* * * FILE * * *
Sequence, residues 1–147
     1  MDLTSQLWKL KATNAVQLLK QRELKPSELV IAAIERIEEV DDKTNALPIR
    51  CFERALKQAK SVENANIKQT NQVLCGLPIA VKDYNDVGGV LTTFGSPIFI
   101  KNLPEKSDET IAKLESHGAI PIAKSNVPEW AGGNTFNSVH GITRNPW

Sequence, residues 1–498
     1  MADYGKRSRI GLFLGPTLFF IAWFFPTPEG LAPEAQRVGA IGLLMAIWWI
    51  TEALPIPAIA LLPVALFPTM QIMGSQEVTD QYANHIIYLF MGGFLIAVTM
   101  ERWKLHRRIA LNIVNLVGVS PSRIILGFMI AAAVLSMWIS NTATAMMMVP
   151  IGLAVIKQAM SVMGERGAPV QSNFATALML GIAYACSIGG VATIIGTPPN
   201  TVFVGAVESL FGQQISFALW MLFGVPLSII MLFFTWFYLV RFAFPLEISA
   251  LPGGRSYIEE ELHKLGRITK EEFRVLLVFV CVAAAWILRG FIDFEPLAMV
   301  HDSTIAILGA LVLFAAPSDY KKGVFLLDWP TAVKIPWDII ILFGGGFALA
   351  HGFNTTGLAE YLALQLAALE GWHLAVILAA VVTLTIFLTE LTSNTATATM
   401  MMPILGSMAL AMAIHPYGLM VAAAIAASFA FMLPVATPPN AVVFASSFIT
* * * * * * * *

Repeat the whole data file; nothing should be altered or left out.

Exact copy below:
Sequence, residues 1–147
     1  MDLTSQLWKL KATNAVQLLK QRELKPSELV IAAIERIEEV DDKTNALPIR
    51  CFERALKQAK SVENANIKQT NQVLCGLPIA VKDYNDVGGV LTTFGSPIFI
   101  KNLPEKSDET IAKLESHGAI PIAKSNVPEW AGGNTFNSVH GITRNPW

Sequence, residues 1–498
     1  MADYGKRSRI GLFLGPTLFF IAWFFPTPEG LAPEAQRVGA IGLLMAIWWI
    51  TEALPIPAIA LLPVALFPTM QIMGSQEVTD QYANHIIYLF MGGFLIAVTM
   101  ERWKLHRRIA LNIVNLVGVS PSRIILGFMI AAAVLSMWIS NTATAMMMVP
   151  IGLAVIKQAM SVMGERGAPV QSNFATALML GIAYACSIGG VATIIGTPPN
   201  TVFVGAVESL FGQQISFALW MLFGVPLSII MLFFTWFYLV RFAFPLEISA
   251  LPGGRSYIEE ELHKLGRITK EEFRVLLVFV CVAAAWILRG FIDFEPLAMV
   301  HDSTIAILGA LVLFAAPSDY KKGVFLLDWP TAVKIPWDII ILFGGGFALA
   351  HGFNTTGLAE YLALQLAALE GWHLAVILAA VVTLTIFLTE LTSNTATATM
   401  MMPILGSMAL AMAIHPYGLM VAAAIAASFA FMLPVATPPN AVVFASSFIT